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Doorways to the Embodied Self

Eugene Gendlin and the Felt Sense

July/August 2017
Eugene Gendlin and his work on Focusing and the “felt sense” left an indelible mark on modern mind–body approaches to psychotherapy.
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The Empathy Gap

Digital Culture Needs What Talk Therapy Offers

November/December 2016
Conditioned by the experience of life on the screen, clients today find it harder to concentrate on face-to-face conversation. They may not even see its value, feeling more comfortable with the self they can present through their digital devices. More than ever, the mores of therapy—the value therapy places on being with, forming an empathic bond, and the quiet attention necessary to do this—has become a crucial cultural corrective.
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The Mindfulness Explosion

The Perils of Mainstream Acceptance

January/February 2015
By replacing the exotic aura of spirituality with the language of science and a down-to-earth self-help approach, mindfulness has brought practices once considered New Age hokum into mainstream acceptance. But as it increasingly becomes a product to be sold in the marketplace, does it risk losing something vital to its transformative power?

Falling in Love Again

A Brief History of Psychoactive Drugs

July/August 2014
Over the last 150 years, we’ve seen waves of mass infatuations with psychotropic drugs—antidepressants being the latest. While all these drugs are different, their story arc seems to follow a predictable course.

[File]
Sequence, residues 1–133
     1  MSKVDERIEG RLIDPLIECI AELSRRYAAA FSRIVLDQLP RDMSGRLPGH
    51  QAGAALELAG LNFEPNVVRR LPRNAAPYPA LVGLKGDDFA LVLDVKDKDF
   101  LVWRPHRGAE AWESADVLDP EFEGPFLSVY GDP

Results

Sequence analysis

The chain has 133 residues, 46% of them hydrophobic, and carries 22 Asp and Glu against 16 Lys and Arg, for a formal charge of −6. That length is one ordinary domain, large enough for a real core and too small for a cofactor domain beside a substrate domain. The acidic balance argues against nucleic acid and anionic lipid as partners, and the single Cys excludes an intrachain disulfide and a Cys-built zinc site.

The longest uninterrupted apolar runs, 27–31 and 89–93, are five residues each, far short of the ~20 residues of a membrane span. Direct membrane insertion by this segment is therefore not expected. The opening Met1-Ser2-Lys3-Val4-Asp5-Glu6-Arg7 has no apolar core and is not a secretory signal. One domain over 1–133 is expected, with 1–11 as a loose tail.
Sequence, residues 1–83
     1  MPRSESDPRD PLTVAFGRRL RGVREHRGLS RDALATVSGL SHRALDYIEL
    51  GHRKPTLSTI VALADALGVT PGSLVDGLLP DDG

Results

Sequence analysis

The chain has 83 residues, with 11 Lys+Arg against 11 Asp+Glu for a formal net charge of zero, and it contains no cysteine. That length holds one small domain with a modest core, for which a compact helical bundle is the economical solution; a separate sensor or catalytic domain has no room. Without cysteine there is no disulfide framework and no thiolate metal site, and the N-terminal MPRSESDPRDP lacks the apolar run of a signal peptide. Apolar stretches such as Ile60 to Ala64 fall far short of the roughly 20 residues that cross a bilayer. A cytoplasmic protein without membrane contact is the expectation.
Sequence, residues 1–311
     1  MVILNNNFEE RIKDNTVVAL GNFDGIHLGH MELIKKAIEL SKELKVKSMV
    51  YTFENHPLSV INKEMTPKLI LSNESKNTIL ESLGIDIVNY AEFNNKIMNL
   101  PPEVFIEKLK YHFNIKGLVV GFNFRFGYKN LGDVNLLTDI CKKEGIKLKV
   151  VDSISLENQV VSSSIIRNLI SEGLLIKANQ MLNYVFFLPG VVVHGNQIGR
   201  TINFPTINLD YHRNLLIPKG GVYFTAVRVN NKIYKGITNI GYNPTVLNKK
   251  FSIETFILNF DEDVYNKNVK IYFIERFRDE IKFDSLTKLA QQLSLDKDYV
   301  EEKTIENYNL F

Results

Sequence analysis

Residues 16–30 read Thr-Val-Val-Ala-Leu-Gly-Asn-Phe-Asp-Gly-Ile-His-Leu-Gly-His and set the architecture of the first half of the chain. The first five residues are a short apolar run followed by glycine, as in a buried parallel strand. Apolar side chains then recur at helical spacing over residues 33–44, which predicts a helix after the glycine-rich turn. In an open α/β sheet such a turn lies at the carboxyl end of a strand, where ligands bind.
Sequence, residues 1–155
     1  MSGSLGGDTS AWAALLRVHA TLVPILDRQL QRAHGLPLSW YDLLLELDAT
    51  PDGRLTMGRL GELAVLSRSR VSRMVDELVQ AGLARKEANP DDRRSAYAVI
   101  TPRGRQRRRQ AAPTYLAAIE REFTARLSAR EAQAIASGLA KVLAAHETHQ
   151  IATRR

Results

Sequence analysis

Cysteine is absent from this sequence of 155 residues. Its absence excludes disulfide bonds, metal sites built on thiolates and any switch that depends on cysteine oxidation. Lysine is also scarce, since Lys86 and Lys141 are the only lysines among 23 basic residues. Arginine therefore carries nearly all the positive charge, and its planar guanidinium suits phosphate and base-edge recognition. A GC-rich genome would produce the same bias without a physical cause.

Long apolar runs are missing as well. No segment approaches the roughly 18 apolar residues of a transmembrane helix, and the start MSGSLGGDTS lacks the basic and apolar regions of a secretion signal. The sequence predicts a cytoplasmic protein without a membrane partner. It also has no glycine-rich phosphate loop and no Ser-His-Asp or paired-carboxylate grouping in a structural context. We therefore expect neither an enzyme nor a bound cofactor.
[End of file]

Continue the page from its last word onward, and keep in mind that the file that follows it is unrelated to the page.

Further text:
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Putting the Pieces Together

25 Years of Learning Trauma Treatment

May/June 2014
25 years ago, we believed that helping trauma survivors dig into dark and unspeakable horrors would set them free. But in this new age of trauma treatment, we aim to help our clients find the light.
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Bookmarks

The Pathologizing of Everyday Life: When Did Sadness Become a Disease?

September/October 2013

The increasingly blurry distinction between normal and abnormal not only makes us easy targets for Big Pharma’s advertising, but also distracts us from the larger social and economic forces that shape our lives.

Editor's Note

Fretting Over the Anxious

January/February 2013
Through our lives, most of us develop what can only be called a deeply personal relationship with our anxiety. There’s a good reason for this. A predilection for anxiety was built into our neurophysiological wiring as a kind of evolutionary early-warning system for us hominids in an unpredictable, often hostile environment. Anxiety, in this sense, is like a loyal, somewhat skittish guard dog—maybe too easily aroused, but handy to have growling around the cave when intruders threaten.
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Editor's Note

Pushing Past Our Limits

November/December 2012
This issue of the Networker is about what coaches like Andrew can teach psychotherapists, and the role that challenge and incorruptible truth-telling can play in the change process. A good coach is someone who, however hard he may push you, above all, respects your ability to push yourself to the next level, to become stronger, smarter, braver, and more capable than you think you are.
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The New Grief

Long, Long Day’s Journey Into Night

July/August 2011
The increasing ability of modern medicine to arrest or slow terminal illness means that never before has death been such an extended process for so many. But as a culture, we're only just beginning to face the deep ambivalence this creates for both patient and family.
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Case Study

Breaking Free: A Mind-Body Approach to Retraining the Brain

March/April 2011
Putting the power of neuroplasticity to work in the consulting room.
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